In the region of Oaxaca that bore the brunt of the damage caused by the September 7 earthquake, thousands of families now living in the streets are not only confronted by the constant fear of another big shock but also by a lack of shelter to protect them from the elements.
Fifty-thousand families are sleeping outside across the Isthmus of Tehuantepec region either because they lost their homes completely or out of fear that another strong quake could bring their already damaged homes to the ground.
And 14,000 of those families lack adequate protection from the rain because they haven’t been able to get their hands on a tarp.
Both the federal and state governments have conceded that in the aftermath of the quake, the demand for tarpaulins has completely exhausted their supplies.
Some help is on the way from Oaxaca city from a man with family in Tehuantepec who has gathered a truck load of donated tarps. He was scheduled to deliver them today but the volume of donations was so great he had to find a bigger truck. It is expected to make the trip tomorrow.
Staying dry is one challenge and staying calm is another.
Almost 5,000 aftershocks have been recorded since the 8.2-magnitude quake and a new 6.1 tremor on Saturday morning that killed three people in Oaxaca and caused more damage has further heightened already high levels of anxiety among people in the region.
The mayor of Unión Hidalgo, an isthmus town close to the epicenter of Saturday’s earthquake, called for more help from the federal and state governments, saying there are signs that the psychological toll on people is becoming too much to bear.
“If it doesn’t stop shaking, I don’t know what is going to happen and what we are going to do, our people live in that anxiety . . . . We live in constant fear. And we are very, very afraid . . . because never in history have we had so many aftershocks,” Wilson Sánchez said.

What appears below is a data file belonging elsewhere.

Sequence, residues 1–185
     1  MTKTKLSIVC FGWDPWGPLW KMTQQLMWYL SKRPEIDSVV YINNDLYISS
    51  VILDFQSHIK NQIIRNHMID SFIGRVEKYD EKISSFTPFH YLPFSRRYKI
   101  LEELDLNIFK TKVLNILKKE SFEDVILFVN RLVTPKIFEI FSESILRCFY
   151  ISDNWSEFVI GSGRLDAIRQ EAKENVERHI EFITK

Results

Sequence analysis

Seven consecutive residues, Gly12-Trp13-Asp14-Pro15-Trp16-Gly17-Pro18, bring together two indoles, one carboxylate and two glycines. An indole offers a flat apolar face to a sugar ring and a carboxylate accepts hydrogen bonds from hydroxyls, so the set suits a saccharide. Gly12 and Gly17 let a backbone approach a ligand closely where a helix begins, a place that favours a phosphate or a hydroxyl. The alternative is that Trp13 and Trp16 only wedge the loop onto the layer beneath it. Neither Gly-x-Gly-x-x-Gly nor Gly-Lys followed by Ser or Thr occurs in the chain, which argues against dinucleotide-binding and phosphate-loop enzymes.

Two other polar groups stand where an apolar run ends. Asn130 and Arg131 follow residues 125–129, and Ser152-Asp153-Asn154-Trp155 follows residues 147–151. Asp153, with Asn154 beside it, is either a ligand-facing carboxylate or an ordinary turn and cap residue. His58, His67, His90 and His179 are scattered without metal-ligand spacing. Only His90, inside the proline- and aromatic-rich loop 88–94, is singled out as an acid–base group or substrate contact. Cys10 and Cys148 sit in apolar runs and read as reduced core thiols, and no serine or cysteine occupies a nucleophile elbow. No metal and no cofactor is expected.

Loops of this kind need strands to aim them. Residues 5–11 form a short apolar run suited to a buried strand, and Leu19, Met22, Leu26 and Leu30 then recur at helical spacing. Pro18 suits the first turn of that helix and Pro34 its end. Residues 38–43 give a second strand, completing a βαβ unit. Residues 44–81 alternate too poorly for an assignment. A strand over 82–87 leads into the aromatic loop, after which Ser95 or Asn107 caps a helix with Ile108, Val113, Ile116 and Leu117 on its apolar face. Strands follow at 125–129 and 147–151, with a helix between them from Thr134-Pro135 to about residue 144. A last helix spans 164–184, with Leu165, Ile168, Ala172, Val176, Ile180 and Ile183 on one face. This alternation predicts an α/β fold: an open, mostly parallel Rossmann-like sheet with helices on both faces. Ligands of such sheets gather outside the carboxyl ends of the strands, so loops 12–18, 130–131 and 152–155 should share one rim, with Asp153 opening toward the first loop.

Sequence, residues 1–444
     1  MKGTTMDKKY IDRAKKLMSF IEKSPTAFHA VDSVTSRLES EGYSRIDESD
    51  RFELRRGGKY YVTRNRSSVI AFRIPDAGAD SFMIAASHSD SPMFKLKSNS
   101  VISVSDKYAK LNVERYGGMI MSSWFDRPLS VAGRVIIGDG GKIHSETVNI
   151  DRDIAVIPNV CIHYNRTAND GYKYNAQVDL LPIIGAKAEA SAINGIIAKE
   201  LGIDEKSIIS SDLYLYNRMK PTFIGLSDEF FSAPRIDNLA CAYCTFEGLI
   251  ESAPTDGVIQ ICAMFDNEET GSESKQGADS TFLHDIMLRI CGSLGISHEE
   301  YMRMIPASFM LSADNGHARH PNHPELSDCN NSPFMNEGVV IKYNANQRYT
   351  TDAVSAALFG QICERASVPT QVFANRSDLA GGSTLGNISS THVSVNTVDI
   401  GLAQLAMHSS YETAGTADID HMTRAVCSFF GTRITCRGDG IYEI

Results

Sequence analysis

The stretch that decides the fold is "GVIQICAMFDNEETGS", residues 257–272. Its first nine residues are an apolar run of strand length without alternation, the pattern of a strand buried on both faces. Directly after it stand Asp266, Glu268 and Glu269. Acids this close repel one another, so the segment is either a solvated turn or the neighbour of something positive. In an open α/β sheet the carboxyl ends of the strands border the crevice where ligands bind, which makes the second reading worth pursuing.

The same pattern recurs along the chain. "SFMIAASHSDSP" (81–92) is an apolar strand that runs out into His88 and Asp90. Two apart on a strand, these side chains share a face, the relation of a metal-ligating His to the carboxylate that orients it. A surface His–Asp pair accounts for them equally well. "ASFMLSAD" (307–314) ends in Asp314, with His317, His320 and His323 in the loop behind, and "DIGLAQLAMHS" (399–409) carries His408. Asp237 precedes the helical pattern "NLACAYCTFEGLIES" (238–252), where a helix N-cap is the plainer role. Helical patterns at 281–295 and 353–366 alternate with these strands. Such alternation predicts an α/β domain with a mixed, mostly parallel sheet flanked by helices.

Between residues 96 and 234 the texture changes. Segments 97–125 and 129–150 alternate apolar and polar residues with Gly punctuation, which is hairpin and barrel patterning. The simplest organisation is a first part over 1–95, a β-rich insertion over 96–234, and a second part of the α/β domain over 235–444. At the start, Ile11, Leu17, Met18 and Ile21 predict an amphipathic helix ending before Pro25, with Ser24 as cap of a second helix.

One local woman said that since the September 7 quake, she has only managed an hour of sleep per night because of the fear.
“Unfortunately, I’m ill from my nerves, as soon as [the earth] starts shaking, I start shaking too. I don’t sleep, it makes the night seem never-ending for me,” Olivia Orozco said.
Out of fear that the walls of her home could collapse, she moved her family into a makeshift tent on the sidewalk in front of the house, where their lives are now crammed into a two-meter by one-meter space.
Another Unión Hidalgo resident, Jorge López, said that the local people known as Istmeños are starting to get used to a new reality of almost permanent seismic activity, but for many it is likely that recovery from the trauma suffered will be a long and arduous journey.
At least 49,000 people have been treated for post-traumatic stress disorders with symptoms including insomnia, loss of appetite and fear, the Health Secretariat said.
Many Istmeños have decided that the best way for them to recover from the tragedy is to leave the isthmus and find a new, safer place to call home but in doing so they have had to abandon their traditional livelihoods working on the land, fishing or making arts and crafts.
Source: Milenio (sp)